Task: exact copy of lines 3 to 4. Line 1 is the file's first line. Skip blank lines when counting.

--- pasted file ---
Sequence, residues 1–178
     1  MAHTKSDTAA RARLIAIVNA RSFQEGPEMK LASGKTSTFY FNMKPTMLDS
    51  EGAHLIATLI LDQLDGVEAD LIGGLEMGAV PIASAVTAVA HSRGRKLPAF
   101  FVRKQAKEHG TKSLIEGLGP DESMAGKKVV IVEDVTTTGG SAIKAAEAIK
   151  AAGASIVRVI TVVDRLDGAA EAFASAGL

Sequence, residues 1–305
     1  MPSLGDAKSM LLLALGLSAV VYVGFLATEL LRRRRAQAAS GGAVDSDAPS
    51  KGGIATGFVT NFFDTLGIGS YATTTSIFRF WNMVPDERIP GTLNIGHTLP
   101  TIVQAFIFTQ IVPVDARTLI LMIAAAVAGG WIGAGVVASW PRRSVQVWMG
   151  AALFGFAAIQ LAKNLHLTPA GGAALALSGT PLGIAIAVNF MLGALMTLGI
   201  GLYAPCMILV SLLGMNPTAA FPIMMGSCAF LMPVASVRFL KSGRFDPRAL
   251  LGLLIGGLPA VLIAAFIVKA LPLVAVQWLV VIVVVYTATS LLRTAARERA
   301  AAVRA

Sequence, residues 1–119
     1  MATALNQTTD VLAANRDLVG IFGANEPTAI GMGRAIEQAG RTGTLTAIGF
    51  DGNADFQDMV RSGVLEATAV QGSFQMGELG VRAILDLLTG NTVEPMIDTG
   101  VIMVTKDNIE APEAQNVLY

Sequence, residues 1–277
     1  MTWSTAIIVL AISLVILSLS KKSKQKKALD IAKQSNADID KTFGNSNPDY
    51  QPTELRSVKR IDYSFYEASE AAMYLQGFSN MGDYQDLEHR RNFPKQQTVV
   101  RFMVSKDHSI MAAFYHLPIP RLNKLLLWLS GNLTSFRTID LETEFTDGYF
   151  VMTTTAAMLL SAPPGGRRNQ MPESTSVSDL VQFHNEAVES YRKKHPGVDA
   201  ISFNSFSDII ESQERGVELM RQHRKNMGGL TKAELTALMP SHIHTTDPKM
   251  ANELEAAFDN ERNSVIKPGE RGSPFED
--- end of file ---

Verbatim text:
    51  EGAHLIATLI LDQLDGVEAD LIGGLEMGAV PIASAVTAVA HSRGRKLPAF
   101  FVRKQAKEHG TKSLIEGLGP DESMAGKKVV IVEDVTTTGG SAIKAAEAIK